Biography - Jacob Fry

GEN. JACOB FRY was born in Fayette county, September 20, 1799; was the youngest of a family of six children of Barney and Nettie Fry, whose ancestry is traced back to sturdy Germany. As a soldier in the revolutionary war, Barney Fry was a participant in the ever-memorable battle of Bunker Hill, and in the many protracted campaigns of that desperate and almost hopeless struggle. Previous to the war he was united in marriage to Miss Hettie Swiggert, of Maryland. He died in 1802.

General Jacob Fry, in early life, had not the facilities of big school and collegiate education of the present day, but, in the humble school house by the wayside, obtained the rudiments of the necessary branches of an English education, which to-daty in practice use has placed so many on the straight road to success. His boyhood's sunny days weer passed on the farm; after that he was principally employed at carpenter work until October, 1819, when he came to Greene county, and spent a few months west of Carrollton. In December following he engaged at carpenter work near Alton until the following July. In 1820-21, Greene county being organized, he returned to section 16, township 10, range 12, and cut the first stick of timber for the improvement of Carrollton, and erected the first swelling, a house which stands to the presnt day - a relic of the past. After the organization of the county, he became the people's servant, in being appointed to several public offices in the county; first serving as one of the first Grand Jurors, and next appointed a constable by the first county commissioners. Next he reached the more responsible position of deputy sheriff, holding it under yount ___ Wood for a period of six years. The year 1827 saw him in the position of sheriff of Greene county, which he kept for ten years, being elected to the successive terms. On the twenty-fifth day of May, 1826, he was married to Miss Emily Turny, the daughter of General James Turny, the attorney-general of Illinois. General Turny was born in the state of Tennessee - the Vermont of the West - and it was there he became a student in law, under such distinguished men as Andrew Jackson and Judge Williams, spending a great portion of his time at the home of General Jackson; and it was in such circumstances as these that the future jurist spent the earliest years of his youth. His mingling with such great minds in his daily intercouse could not but imprint in his character the geerms of future fame in the chosen profession of law. At one time he represented Greene county in the senate chamber of Illinois. By his rare natural talents and thorough culture he soon took a prominent stand among the great lawyers of ILlinois, as one of the eminently successful advocates in the supreme court. In 1850 he removed to Texas, and after residing there fourteen years he fell a victim to the great destroyer - Death.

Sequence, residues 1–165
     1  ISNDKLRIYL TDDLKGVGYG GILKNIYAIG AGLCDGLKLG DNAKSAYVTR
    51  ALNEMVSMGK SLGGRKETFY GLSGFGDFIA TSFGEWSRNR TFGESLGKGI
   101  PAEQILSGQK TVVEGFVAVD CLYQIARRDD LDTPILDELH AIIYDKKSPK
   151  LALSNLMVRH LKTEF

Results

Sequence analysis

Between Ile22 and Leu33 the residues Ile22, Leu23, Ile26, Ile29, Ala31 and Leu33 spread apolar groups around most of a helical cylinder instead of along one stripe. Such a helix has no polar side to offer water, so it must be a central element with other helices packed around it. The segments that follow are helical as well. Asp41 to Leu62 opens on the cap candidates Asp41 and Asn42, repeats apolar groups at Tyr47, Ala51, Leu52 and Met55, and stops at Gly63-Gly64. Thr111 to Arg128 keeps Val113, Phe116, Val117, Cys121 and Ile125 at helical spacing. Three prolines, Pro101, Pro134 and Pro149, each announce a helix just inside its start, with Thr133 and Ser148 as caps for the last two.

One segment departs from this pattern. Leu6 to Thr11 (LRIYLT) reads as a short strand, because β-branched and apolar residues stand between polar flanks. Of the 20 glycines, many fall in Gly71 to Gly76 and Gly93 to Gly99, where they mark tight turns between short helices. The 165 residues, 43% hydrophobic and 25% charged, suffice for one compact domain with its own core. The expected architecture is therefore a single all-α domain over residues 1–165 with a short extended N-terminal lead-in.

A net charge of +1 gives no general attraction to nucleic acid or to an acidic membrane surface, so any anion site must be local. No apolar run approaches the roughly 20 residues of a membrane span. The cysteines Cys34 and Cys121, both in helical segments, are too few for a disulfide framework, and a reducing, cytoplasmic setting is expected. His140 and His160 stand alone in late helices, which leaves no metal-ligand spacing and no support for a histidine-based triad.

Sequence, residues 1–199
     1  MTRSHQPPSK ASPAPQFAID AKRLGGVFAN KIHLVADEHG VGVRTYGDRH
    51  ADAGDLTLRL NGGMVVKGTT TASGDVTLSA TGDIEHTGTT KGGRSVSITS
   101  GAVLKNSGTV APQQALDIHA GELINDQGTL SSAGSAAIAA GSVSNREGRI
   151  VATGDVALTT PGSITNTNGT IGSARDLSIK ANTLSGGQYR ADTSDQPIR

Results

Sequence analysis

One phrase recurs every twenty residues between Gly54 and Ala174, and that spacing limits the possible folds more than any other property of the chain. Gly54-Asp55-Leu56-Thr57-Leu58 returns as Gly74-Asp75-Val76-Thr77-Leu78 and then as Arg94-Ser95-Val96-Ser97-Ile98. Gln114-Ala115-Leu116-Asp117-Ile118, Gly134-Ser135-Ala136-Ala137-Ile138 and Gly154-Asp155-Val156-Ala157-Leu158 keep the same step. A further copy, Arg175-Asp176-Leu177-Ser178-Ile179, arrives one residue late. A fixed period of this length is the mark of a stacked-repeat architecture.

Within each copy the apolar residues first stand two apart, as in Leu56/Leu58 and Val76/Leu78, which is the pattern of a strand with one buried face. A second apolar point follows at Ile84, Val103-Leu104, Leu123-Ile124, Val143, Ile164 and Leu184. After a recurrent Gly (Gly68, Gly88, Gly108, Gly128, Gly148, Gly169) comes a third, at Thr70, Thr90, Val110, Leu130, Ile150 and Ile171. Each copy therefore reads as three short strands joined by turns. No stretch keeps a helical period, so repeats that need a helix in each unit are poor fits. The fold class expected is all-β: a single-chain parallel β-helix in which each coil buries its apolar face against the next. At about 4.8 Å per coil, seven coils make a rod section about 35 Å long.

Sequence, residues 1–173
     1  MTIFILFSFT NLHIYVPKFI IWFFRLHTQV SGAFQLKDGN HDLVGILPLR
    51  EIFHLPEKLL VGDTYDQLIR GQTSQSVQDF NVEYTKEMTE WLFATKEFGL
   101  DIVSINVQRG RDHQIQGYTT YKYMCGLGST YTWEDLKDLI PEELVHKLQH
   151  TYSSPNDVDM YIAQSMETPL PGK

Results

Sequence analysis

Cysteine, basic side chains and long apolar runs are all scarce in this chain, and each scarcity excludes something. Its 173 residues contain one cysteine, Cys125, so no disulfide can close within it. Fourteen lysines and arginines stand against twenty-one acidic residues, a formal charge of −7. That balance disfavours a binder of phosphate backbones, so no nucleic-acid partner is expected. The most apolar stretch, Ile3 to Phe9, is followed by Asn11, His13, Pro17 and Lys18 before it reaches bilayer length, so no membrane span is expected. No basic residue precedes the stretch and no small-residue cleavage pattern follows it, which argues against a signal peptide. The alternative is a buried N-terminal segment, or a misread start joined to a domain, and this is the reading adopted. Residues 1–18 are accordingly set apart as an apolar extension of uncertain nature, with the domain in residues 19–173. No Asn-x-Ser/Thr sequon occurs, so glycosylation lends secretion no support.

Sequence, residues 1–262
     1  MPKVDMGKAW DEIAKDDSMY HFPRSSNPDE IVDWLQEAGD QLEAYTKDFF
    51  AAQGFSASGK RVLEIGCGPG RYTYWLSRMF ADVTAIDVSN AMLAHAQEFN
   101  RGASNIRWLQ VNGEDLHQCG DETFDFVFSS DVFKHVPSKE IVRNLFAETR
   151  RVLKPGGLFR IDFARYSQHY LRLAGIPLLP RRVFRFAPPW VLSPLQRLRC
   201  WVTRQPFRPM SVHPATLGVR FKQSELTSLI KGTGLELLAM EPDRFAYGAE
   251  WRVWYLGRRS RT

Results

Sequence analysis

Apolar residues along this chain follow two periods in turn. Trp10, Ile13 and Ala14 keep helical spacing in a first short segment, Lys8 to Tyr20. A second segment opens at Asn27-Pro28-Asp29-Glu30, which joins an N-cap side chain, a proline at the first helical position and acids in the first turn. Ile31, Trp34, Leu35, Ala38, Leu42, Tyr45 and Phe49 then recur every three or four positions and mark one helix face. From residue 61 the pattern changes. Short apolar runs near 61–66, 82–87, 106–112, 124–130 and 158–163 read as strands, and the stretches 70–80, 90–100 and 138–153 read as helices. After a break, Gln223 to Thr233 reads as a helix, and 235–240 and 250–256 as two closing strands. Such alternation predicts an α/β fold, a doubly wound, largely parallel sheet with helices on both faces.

General Fry is the father of five children, three sons and two daughters: James B., the eldest son, provost marshal general of the United States during the late rebellion, is too well known to receive special mention here, although his graduating at West Point in 1847, and one year's service in the Mexican war fitted him for the highest office during the late war of the rebellion. William M. Fry, the second son, now a resident of Carrollton, was a provost marshal of the Tenth District of Illinois. Edward M. Fry is a citizen of the Eldorado State, at San Francisco. The eldest daughter, Sarah, is the wife of J. D. Fry, also resident of San Francisco. Miss Julia at present resides at the homestead place.